13 Tamuz 5779 / Tuesday, July 16, 2019 | Torah Reading: Pinchas
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The Missed Exit    

The Missed Exit

How many times do we kick ourselves because we made a bad decision, especially when the better decision was so obvious? How many times do we say, “I should have done that…"


It’s funny how much I’ve gotten used to everything being so close to my house when I lived in Israel. Nothing was more than 10 minutes away. Except if I wanted to reach civilization, i.e., an actual city. With actual city life.


I now live in Fort Lauderdale, which is about 30 minutes north of Miami Beach. I love the area because everything is within 10 minutes of my house. Except for my kids’ school, my parents’ home, my sister, and the beach.


But Costco is only 9 minutes away, so it cancels out the rest.


G-d I LOVE Costco!!


The other day I had the pleasure of driving my two well-behaved, never-fighting, never-talking back, listening to everything I tell them, older kids to an appointment way down in Miami Beach. That’s like a 40-minute drive in traffic. YAY.


So we get on the highway and the fight-fest begins on schedule. We were heading south in rush hour, so traffic was pretty bad. I thought to get into the express lane, but aside from being cheap, I was sure that after a certain predictable point, the traffic would open up again.


It took almost 10 minutes to drive half a mile, and my patience with these kids was in the negative, so I got onto the express lane when I was able to.


And of course, as soon as I got on, I saw traffic start to open up. 30 seconds later, there was a chance for me to exit the express lane, so I did.


Big. Mistake.


As soon as I got back on to the regular lanes, traffic backed up. I couldn’t believe my stupid judgment.


I watched the cars in the left lane, flying past me, smirking even. A few drivers even pointed and laughed.


Can you imagine my frustration? Well of course you can!


I was seething inside, so angry with myself. Why did I get off the express lane?! Why didn’t I just pay the $87 they charge in rush hour? Isn’t my sanity worth something??


Plus, we were risking being late to our appointment.


I kept muttering under my breath not so softly about what a stupid decision it was. Every time another car flew past me, it was like another slap in the face.


This scenario continued for another 20 minutes or so, UNTIL....


Are you in suspense? I mean, seriously. Is this not one of the most suspenseful articles you’ve ever read?


My car was crawling toward the exit, when suddenly, I realized what an amazing miracle had just happened to me.


The express lane cones, you know those things that you’d just love to drive over in a fit of road rage, ended exactly AFTER the exit I needed.


If I had taken the express lane instead of the regular lane, I would have missed the exit!


Which means it would have caused me even more aggravation and we might have missed our appointment.




This ridiculously common example is actually very profound.


How many times do we kick ourselves because we made a bad decision? Especially when the better decision was so obvious? How many times do we say, “I knew I should have done that! Why did I do the opposite?”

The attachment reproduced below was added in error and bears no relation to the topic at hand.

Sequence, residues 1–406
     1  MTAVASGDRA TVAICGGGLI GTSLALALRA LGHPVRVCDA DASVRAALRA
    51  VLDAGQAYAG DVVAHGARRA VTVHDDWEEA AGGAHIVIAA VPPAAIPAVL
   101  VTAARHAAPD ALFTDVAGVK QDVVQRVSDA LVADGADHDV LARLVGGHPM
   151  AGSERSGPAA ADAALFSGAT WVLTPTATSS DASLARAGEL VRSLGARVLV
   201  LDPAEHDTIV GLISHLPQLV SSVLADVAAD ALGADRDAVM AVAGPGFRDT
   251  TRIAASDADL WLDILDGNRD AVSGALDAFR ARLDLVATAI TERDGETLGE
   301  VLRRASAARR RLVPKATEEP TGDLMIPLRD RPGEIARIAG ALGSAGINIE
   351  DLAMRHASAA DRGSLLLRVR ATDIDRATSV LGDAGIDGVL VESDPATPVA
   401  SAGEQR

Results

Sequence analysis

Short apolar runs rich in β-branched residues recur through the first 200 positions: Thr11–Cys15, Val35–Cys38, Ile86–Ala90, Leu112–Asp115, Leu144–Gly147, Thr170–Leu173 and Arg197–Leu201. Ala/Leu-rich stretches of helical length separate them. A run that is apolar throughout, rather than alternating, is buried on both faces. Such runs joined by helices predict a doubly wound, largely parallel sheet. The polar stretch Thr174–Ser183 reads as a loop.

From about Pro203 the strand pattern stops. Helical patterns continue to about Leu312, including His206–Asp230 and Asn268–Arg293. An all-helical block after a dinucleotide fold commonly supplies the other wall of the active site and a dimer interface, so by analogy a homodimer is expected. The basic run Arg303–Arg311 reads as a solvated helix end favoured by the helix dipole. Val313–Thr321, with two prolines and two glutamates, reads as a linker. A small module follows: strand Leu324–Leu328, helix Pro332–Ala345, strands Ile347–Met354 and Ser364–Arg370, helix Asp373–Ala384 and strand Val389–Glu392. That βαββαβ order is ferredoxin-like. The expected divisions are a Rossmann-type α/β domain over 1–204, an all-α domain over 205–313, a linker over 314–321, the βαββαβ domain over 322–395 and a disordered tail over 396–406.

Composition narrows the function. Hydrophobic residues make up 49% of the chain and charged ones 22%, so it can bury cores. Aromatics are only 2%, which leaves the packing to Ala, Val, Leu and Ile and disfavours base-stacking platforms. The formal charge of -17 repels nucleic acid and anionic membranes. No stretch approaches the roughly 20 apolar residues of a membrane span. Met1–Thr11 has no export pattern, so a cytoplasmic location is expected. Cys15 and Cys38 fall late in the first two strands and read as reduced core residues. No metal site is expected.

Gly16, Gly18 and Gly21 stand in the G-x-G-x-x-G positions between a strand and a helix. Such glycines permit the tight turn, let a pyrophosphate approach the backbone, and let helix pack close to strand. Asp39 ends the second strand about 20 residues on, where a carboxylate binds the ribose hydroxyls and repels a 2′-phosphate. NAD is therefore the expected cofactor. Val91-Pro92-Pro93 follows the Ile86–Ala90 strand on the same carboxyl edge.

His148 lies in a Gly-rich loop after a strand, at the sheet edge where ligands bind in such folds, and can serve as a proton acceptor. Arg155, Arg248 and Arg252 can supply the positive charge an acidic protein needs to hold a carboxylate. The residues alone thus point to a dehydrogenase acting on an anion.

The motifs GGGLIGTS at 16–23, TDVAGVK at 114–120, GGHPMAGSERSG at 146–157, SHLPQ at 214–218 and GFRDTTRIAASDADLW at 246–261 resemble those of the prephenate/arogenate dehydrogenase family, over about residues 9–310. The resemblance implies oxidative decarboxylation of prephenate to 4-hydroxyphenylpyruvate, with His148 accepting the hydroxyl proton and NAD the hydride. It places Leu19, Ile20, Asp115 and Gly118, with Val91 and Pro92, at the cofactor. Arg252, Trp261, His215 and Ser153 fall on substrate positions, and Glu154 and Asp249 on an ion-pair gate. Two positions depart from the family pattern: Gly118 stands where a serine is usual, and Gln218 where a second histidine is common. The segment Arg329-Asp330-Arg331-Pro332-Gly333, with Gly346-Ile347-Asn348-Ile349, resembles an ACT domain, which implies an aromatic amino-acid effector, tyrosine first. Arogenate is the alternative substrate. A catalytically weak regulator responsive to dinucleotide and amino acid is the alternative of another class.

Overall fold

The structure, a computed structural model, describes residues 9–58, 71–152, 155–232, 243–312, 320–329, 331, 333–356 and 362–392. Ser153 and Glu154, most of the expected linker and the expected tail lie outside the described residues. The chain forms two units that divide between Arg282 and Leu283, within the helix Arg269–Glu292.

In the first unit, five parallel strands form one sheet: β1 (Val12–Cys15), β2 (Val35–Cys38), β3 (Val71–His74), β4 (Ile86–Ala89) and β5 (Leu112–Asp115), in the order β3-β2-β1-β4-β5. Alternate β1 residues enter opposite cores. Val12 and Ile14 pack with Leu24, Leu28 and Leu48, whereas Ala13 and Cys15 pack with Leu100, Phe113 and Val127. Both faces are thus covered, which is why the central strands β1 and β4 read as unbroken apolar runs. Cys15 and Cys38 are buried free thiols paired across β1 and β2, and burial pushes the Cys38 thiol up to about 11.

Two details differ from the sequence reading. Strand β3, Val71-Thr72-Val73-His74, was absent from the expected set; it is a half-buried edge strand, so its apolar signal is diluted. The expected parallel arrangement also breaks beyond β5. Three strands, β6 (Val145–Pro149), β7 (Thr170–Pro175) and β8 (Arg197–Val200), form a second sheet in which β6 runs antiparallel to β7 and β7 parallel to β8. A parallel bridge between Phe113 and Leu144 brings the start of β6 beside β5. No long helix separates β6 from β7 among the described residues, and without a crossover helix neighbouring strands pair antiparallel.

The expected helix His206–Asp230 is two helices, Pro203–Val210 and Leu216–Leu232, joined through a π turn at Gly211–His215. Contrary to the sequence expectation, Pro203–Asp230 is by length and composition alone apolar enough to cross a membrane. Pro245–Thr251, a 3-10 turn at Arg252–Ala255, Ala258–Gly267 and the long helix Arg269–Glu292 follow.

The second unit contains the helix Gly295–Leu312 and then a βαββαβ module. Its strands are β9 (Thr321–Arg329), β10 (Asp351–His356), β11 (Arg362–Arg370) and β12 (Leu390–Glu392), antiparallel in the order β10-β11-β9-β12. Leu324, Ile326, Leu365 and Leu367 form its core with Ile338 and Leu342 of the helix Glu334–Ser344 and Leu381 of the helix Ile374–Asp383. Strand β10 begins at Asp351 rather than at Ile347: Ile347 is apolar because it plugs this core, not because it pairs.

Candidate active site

Well, there could be two reasons. One, you’re just dumb. But I suspect it’s not usually the case. At least, I hope.


And two, it’s because there was another, better outcome that you might not have experienced if you had chosen the “correct” option.


Sometimes, the outcome is obvious, as in my example.


And sometimes, it’s not. We may not always see the big picture, but it’s important to know that there is one, and Hashem is guiding things the way He wants them to go.


For our ultimate benefit! Never forget.


Therefore, friends, there’s no reason to persecute yourself about any bad decision you’ve made.


Even if the situation turned out to be painful, there is always something positive to be gained from it. Whether it was a learning experience, a growing experience, or whatever, the things we go through are always for our benefit.


And you know what else? I know, not just believe, that the bad decisions won’t take us away from our intended destinies.


Hashem has patience, just like the Waze lady. He’ll just reroute us in His patient voice that you hear after those funny little beeps that no one likes to hear when Waze is recalculating.


If you make a wrong turn, it’s because there’s something you’re supposed to go through in that bad neighborhood that you shouldn’t have gone into.


Okay, that was a terrible example. But you get my point, right?


Even if you make a mistake, and you don’t see the point of what you’re going through, know that nothing is in vain.


And that, my friends, is emuna.


It’s not easy. It takes work every single day.


But there’s no better way to live. The peace of mind, the stress relief - there’s nothing we need more in this crazy world.


If you’re feeling like your emuna could use a boost, which, let’s be honest - everyone’s can, read and re-read The Garden of Emuna. And then write me and thank me for this amazing article.


You know what? Next time I use Waze I’ll switch to the Michael Jackson voice. It’s so much more entertaining!



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Feel free to send Racheli your questions, particularly in the areas of marriage, dating, child-rearing and women's role; write her at racheli@breslev.co.il 

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